Jon took the mic stand into the crowd to sing When We Come Alive and Love Alone…, and got up on the bar to sing. Someone had a Love Alone… banner that he held up on stage. He came back right through the crowd to where I was stood, so I helped lift him back up onto the stage. Everyone started ‘Oreo’ing again after the song supposedly finished so Jon had to sing some more of it!

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Jon once again picked me out to sing ‘Don’t let go’ to in Needle, the same line he’d sung me at an earlier show. Deliberate? Probably not, but I wonder if he thought I might… But I got a lot more interaction in general. All four of them who could move were right up front a lot, leaning right out over us and easily within touching distance. Romey spent more time than ever up front with the guitar playing to the crowd, almost more than he was at the back with the keys!

They were having a lot of fun on stage that night, with each other and with the crowd. Drew soloed like crazy, totally original as ever. And he and Jon had some fun with Where The Light Shines Through (WTLST); there’s a section where they break it down and sort of play solo tennis, Jon playing a phrase and Drew playing a reply. This time Jon had a mischievous look in his eye; he gave Drew some really weird solo lines, and it seemed like they were messing with one another, trying to throw one another off by playing the unexpected, but they were both coming up with awesome ‘replies’ each time! That was very funny to watch! The ‘samba breaks’ were epic too!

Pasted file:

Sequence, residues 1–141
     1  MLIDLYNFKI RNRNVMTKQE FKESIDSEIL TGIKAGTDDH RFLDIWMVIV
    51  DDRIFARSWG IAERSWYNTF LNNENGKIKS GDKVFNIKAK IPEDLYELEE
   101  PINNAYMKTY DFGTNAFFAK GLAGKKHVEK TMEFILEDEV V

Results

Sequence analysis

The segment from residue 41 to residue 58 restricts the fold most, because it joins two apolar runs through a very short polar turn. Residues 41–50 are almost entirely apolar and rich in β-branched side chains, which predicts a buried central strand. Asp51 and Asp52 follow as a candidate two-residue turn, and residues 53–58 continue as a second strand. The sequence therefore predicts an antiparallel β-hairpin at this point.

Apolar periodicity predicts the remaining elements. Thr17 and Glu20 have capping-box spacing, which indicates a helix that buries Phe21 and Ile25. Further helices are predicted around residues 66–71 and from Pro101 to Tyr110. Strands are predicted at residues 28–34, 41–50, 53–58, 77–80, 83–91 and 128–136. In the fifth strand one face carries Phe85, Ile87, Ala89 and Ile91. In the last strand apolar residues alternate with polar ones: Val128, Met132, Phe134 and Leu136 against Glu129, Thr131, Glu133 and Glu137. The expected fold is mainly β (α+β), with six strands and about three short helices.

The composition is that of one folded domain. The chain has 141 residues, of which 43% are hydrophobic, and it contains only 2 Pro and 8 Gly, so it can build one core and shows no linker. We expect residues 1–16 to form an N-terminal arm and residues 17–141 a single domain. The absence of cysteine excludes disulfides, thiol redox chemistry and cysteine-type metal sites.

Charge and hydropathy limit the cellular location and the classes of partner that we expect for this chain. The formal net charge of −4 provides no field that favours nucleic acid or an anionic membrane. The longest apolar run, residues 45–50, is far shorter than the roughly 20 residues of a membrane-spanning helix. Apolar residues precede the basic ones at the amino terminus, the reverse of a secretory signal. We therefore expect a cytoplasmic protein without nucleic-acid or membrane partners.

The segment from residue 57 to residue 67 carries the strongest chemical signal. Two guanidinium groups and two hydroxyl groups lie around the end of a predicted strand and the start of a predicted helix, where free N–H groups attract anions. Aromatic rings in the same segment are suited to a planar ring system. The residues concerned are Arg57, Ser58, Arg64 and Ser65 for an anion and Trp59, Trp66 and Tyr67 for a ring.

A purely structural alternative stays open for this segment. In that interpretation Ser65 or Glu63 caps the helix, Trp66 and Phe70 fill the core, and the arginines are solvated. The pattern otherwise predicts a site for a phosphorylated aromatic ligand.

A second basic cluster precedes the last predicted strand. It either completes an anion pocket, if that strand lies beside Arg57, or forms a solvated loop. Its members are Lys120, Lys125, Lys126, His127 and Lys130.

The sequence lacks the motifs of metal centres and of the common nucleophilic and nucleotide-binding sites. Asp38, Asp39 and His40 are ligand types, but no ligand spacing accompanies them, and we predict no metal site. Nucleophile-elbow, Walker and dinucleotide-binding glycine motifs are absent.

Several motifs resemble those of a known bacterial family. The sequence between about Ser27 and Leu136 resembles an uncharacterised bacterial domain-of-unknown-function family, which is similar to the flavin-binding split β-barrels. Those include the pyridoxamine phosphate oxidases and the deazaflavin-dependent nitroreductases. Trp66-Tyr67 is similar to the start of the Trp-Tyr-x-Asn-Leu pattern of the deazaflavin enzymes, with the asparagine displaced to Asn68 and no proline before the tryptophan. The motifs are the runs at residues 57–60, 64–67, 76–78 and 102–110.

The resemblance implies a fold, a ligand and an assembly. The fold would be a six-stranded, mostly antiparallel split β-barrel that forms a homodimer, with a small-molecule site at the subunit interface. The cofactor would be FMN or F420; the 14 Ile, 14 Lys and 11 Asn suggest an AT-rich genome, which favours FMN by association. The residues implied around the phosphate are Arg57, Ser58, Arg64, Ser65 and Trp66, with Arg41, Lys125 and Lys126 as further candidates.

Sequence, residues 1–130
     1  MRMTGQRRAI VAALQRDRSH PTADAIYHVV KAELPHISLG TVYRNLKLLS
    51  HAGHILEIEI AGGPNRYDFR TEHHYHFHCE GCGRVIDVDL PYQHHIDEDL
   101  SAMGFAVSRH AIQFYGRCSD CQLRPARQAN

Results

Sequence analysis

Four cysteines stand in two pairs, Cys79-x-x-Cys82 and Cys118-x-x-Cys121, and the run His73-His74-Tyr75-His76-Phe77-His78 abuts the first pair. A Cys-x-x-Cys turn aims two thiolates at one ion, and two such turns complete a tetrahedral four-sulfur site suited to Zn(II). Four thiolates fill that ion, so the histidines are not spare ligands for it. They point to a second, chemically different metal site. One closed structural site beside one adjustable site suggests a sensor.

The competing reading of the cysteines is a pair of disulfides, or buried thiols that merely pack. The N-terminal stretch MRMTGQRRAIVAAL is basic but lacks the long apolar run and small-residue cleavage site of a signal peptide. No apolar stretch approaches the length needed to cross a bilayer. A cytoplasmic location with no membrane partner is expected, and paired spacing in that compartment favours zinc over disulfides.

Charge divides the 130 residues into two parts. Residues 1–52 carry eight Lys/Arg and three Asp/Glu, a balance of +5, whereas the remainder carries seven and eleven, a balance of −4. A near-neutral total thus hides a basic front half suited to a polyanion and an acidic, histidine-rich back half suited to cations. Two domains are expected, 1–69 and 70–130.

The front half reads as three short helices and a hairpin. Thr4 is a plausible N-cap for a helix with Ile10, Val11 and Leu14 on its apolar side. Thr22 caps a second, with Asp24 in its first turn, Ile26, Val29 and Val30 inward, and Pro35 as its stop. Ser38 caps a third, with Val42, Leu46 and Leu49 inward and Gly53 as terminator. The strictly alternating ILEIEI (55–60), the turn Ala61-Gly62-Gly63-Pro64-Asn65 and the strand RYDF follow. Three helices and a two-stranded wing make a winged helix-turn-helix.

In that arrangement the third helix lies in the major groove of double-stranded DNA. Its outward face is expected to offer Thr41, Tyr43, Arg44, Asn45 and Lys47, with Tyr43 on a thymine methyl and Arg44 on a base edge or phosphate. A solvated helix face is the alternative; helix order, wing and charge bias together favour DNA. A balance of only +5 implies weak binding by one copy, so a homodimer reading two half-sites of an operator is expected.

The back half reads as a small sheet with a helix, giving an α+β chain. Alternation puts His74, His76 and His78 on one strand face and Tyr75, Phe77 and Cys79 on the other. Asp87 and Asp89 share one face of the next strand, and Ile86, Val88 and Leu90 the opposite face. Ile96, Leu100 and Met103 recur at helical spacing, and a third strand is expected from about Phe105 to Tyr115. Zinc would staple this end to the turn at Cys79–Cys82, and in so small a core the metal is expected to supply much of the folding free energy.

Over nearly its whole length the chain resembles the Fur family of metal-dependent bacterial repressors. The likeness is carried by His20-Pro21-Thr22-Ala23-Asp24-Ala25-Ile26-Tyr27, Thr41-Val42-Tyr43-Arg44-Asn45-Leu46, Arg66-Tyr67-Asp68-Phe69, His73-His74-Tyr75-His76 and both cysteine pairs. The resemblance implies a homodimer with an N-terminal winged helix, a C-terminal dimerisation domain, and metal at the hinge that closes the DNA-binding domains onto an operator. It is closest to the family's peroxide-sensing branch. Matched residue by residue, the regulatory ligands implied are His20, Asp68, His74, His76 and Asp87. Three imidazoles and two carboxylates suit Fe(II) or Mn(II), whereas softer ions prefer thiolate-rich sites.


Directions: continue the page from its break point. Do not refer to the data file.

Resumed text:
Jon came over to me as he introduced WTLST, took my banner, and this time handed me it straight back saying ‘thank you, it’s beautiful!’ He came over as they began Where I Belong too, again as if to ask for the banner, but this time though I had it in my hand I didn’t hand it to him, and instead turned around to look for the other fan’s one. Sure enough it made its way to the front and Jon took that one and held it up instead. Then during the song I got mine out and a bunch of us held it up at the front for a bit… until Jon took it anyway to wear/ use as a towel!

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They stuck completely to the setlist this time, but got encored again twice, so they played Mess Of Me, We Are One/ Shadow Proves…, and then as they couldn’t finish with the crowd going so crazy and Jon having so much fun, he carried on and played 24, the others rejoining him at the end again. For the second encore, Jon came back on wearing the Hungarian football shirt – and turned round part way through the song to reveal that it had ‘Foreman 24’ written on the back! The crowd went wild!